The 2012 US federal law comes into conflict with the educational mission of the US State Department, which is to promote international educational exchange. The department’s most notable initiative is the Fulbright scholar program, established in the belief that it is impossible to “achieve lasting peace without greater understanding between nations—and that international educational exchange formed the strongest basis for fostering such understanding.”

Students from countries with whom the US government has poor relations, such as Iran, have a particularly important role to play. Given that many young Americans lack the opportunity to travel abroad, interacting with international students can be a valuable opportunity to gain exposure to other cultures, languages and traditions. When this type of exchange is inhibited, stereotypes and misconceptions can flourish.

According to Mohsen Jalali, student organizer and PhD candidate in political science at UMass, many students directly affected by the policy hesitated to speak to the press “because they were in the College of Engineering and thought that their admission may be affected.” Without the presence of established student groups and those like Jalali who were not immediately under threat, the policy might have remained in place, setting a negative precedent for Iranian students across the country. “It creates more hatred,” he cautioned, pointing to an article titled, “Bomb-makers of tomorrow gain access to US-funded graduate education”.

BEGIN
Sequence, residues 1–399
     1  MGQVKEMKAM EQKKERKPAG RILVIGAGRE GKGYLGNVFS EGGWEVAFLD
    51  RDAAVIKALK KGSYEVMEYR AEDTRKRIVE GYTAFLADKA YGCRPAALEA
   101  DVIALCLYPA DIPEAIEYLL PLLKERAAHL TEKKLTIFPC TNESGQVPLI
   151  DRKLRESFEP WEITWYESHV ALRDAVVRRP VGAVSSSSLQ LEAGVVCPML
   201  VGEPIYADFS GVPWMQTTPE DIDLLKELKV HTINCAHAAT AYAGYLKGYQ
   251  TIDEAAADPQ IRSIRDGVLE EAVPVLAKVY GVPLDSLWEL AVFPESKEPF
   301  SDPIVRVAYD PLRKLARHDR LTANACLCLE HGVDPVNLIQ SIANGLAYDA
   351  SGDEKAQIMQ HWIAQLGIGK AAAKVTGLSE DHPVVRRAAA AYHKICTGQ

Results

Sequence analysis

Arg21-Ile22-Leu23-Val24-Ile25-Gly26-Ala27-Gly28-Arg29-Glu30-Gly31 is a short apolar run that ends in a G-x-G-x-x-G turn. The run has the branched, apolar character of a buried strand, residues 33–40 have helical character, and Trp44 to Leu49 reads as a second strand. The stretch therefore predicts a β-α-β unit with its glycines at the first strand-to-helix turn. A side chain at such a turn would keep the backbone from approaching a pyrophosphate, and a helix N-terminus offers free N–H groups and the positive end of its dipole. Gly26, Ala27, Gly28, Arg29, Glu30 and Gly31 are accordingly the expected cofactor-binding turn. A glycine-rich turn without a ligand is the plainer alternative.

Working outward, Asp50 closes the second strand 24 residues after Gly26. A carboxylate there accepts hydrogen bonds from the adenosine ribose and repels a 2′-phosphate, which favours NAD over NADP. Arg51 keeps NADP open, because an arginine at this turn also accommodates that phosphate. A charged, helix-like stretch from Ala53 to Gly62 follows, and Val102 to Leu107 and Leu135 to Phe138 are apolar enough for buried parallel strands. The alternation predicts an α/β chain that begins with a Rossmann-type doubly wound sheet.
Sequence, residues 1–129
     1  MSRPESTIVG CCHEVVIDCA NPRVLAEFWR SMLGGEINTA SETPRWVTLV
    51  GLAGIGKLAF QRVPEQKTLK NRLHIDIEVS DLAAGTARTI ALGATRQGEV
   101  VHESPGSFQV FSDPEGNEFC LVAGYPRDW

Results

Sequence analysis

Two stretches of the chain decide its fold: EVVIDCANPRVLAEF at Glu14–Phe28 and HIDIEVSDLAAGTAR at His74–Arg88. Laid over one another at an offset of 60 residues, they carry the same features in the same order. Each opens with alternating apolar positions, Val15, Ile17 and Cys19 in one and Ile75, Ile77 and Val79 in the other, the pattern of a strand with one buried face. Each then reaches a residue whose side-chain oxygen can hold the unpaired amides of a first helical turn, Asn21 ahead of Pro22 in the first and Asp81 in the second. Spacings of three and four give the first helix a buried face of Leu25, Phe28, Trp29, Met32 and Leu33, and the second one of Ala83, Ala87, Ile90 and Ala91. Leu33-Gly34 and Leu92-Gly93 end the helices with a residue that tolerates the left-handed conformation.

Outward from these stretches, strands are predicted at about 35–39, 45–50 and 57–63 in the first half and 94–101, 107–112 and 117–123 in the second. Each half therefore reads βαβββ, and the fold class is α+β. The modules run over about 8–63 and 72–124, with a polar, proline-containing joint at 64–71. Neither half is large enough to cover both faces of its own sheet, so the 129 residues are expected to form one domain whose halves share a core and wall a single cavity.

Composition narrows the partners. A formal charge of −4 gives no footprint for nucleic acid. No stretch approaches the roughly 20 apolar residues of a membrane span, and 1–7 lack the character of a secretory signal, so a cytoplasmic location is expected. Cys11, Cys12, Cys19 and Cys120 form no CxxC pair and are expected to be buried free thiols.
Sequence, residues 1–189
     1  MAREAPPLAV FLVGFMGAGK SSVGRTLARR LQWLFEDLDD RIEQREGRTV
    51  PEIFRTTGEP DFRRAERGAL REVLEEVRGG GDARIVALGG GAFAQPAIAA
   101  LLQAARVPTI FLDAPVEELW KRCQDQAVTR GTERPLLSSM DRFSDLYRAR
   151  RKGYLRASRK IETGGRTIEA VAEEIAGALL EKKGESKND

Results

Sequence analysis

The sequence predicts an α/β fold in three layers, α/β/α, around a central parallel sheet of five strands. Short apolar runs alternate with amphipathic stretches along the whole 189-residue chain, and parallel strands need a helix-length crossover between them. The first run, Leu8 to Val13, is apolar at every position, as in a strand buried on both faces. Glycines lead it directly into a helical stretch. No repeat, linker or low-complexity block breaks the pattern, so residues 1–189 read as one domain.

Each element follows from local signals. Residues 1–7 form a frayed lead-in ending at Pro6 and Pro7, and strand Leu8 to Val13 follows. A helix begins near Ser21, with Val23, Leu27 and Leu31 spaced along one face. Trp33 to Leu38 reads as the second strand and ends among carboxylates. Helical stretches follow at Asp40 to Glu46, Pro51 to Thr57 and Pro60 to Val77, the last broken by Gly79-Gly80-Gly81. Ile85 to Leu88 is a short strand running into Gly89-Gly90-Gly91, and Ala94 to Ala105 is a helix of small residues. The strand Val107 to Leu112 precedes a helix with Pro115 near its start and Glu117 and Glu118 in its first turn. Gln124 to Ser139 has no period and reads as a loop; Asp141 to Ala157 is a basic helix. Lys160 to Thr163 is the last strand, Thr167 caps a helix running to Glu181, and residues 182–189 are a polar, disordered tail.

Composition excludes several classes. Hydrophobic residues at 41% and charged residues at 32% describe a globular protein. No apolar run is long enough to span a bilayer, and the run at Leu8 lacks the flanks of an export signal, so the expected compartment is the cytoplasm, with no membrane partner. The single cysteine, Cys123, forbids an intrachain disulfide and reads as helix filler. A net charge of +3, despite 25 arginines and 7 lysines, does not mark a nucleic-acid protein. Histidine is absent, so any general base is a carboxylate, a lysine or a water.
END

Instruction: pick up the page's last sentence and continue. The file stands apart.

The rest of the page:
The UMass administration’s embarrassing and harmful misstep reveals just how problematic sanctions can be, especially when they restrict free access to knowledge and cultural exchange on university campuses. In such a political climate, it is crucial for administrators to uphold their institutions’ values by taking a stand against repressive and counterproductive laws.

Full disclosure: The author is a former UMass-Amherst graduate student and employee, and has friends among current Persian UMass students and alumni.

Stop the secrecy: Publish the NHS COVID data deals


To: Matt Hancock, Secretary of State for Health and Social Care

We’re calling on you to immediately release details of the secret NHS data deals struck with private companies, to deliver the NHS COVID-19 datastore.

We, the public, deserve to know exactly how our personal information has been traded in this ‘unprecedented’ deal with US tech giants like Google, and firms linked to Donald Trump (Palantir) and Vote Leave (Faculty AI).

The COVID-19 datastore will hold private, personal information about every single one of us who relies on the NHS. We don’t want our personal data falling into the wrong hands.

And we don’t want private companies – many with poor reputations for protecting privacy – using it for their own commercial purposes, or to undermine the NHS.

The datastore could be an important tool in tackling the pandemic. But for it to be a success, the public has to be able to trust it.

Today, we urgently call on you to publish all the data-sharing agreements, data-impact assessments, and details of how the private companies stand to profit from their involvement.

The NHS is a precious public institution. Any involvement from private companies should be open to public scrutiny and debate. We need more transparency during this pandemic – not less.